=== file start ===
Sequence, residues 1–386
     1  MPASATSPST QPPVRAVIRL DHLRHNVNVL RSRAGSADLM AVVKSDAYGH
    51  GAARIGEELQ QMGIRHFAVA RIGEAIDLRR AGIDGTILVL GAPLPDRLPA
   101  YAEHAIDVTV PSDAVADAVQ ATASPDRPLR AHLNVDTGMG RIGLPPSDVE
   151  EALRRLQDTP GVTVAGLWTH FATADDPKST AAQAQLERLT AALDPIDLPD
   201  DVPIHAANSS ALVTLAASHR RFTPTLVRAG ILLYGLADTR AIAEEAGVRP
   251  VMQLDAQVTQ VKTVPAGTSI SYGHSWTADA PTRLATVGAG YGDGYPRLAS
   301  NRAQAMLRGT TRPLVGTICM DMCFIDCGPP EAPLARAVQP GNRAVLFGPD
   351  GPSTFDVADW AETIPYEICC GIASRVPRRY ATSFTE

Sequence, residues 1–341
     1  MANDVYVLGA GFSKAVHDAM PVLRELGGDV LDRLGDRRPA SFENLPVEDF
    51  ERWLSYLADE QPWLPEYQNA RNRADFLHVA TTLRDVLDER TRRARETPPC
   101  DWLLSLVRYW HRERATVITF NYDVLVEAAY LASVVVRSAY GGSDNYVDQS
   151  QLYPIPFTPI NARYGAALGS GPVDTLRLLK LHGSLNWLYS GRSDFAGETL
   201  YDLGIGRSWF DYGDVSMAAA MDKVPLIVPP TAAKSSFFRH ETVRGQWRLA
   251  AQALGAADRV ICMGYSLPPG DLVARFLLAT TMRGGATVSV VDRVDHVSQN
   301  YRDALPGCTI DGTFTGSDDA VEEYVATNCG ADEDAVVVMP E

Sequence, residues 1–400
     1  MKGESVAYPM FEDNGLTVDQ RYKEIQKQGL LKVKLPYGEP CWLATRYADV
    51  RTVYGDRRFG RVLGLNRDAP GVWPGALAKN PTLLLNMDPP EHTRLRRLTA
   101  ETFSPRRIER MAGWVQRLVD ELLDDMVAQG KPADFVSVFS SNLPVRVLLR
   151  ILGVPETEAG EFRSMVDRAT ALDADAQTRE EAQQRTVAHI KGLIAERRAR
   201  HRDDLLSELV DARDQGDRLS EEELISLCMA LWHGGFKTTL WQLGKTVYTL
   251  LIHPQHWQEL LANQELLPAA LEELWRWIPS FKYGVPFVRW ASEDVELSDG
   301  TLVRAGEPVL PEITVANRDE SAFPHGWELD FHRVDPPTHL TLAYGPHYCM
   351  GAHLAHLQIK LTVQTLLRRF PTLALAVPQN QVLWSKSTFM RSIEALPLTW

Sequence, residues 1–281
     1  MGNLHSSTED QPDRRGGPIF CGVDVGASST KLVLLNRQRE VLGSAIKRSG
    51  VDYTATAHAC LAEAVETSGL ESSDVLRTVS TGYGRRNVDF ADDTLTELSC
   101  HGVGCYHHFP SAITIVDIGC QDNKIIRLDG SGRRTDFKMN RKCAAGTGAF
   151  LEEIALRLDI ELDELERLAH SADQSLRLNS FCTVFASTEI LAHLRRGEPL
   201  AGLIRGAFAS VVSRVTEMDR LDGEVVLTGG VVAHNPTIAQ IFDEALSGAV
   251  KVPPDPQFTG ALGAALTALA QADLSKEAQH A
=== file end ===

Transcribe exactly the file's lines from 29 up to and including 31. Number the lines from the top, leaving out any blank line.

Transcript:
    51  VDYTATAHAC LAEAVETSGL ESSDVLRTVS TGYGRRNVDF ADDTLTELSC
   101  HGVGCYHHFP SAITIVDIGC QDNKIIRLDG SGRRTDFKMN RKCAAGTGAF
   151  LEEIALRLDI ELDELERLAH SADQSLRLNS FCTVFASTEI LAHLRRGEPL